After turning in a 2,000-yard rushing season, Jack Rhoades would have every right to gloat about what he's accomplished. But in the midst of Woodlan's return to the state finals for the first time since 1981, the senior running back has learned some valuable lessons.
The first dates back to his sophomore year, when he and the Warriors were admittedly “too confident” before a semistate loss at Whiting. A pair of regular-season defeats this year, including a loss to Adams Central that kept Woodlan from winning the ACAC championship, showed Rhoades that “We can be beat at any time. We have to take everything serious and not take anything for granted.”
Perhaps the one with the biggest impact, however, stems from the sectional championship game. After scoring his second touchdown of the first half, officials ruled that he kicked an opponent. The resulting penalty included an ejection and a suspension for the Warriors' regional clash at North Newton. But Woodlan was still able to emerge with a win, and Rhoades' unexpected personal bye week actually provided some positives.
“I got enough rest to where my body felt healthy,” Rhoades said. “I didn't have any bruises that week, so it was nice. Being at practice the whole week and watching my team be very focused, and on point with every rep, it lifted me up and kind of boosted my confidence that we were going to get the win.
“While I sat out, it made me look back on things and not take anything for granted. This only comes around so much, it opened my eyes a little bit.”
Rested and refreshed, and perhaps a bit energized, Rhoades and the Warriors knocked off No. 1 Eastbrook in the semistate to earn the right to represent the north in the Class 2A state title game as Woodlan (12-2) faces Southridge (12-2) at noon Saturday at Lucas Oil Stadium in Indianapolis.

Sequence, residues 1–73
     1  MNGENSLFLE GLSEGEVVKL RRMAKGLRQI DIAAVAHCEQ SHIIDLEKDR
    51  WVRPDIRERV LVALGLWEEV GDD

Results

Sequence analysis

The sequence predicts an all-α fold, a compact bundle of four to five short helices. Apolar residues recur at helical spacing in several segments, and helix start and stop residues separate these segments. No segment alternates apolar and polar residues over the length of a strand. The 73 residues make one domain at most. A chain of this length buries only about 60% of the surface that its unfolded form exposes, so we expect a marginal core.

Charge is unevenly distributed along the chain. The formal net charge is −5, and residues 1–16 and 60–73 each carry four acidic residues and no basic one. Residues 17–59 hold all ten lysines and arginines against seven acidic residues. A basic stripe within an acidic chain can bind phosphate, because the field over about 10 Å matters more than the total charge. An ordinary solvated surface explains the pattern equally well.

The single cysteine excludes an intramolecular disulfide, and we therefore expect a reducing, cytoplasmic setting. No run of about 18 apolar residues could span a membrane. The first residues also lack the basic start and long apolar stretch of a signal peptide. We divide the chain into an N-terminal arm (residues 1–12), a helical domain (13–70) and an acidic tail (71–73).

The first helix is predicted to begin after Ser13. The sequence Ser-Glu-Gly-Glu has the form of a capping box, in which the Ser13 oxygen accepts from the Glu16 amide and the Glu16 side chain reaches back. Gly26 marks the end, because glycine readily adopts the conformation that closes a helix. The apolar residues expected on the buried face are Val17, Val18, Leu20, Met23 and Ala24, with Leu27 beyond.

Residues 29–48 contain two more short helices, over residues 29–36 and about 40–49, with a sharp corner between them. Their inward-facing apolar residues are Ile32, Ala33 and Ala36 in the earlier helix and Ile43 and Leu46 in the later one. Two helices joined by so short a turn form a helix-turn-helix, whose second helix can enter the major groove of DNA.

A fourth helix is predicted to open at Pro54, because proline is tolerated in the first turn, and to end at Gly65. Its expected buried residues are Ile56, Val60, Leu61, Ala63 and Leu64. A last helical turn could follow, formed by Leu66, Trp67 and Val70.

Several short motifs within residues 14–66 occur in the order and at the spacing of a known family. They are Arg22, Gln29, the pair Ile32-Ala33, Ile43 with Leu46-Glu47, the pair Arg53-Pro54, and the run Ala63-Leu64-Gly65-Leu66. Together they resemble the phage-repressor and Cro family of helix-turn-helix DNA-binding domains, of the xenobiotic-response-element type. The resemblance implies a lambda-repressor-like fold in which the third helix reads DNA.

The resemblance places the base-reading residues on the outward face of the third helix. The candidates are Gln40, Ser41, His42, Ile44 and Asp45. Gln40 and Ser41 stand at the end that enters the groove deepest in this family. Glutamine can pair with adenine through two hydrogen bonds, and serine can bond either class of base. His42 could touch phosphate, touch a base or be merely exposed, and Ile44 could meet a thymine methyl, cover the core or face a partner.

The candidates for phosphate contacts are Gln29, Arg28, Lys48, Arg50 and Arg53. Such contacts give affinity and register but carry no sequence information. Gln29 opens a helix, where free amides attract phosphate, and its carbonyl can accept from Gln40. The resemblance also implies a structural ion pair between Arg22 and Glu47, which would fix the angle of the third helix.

As Rhoades explained, perhaps fate has intervened a bit: the regular-season losses guarding against overconfidence, a week without the bumps and bruises that accompany a postseason game.
“I kind of have the feeling that this happened for a reason,” Rhoades said.
While Woodlan has to prepare for what the Raiders will bring, conversely, Southridge has to contend with Rhoades out of the backfield. He credited his offensive line of Dane Castleman, Sebastian Spieth, Jacob Gerbers, Isaac Meyer and Spencer Roberson, for helping him run for 2,089 yards, currently seventh-best in the state.
“It's a great team accomplishment in my eyes,” Rhoades said. “They've all worked their tails off all season and I've appreciated all they've done.”
Further lending credence to Rhoades' sentiments, the Raiders run the Wing-T offense, which can cause confusion for defenses with its reliance on misdirection. When considering, however, that this will be Woodlan's third consecutive opponent to run this particular offense, Rhoades, who also plays defense for the Warriors, thinks his team will be ready.
“They pass a little more, so we're going to have to get our reads right,” Rhoades said. “They're in shotgun, which is different, but I think our defense can handle it.”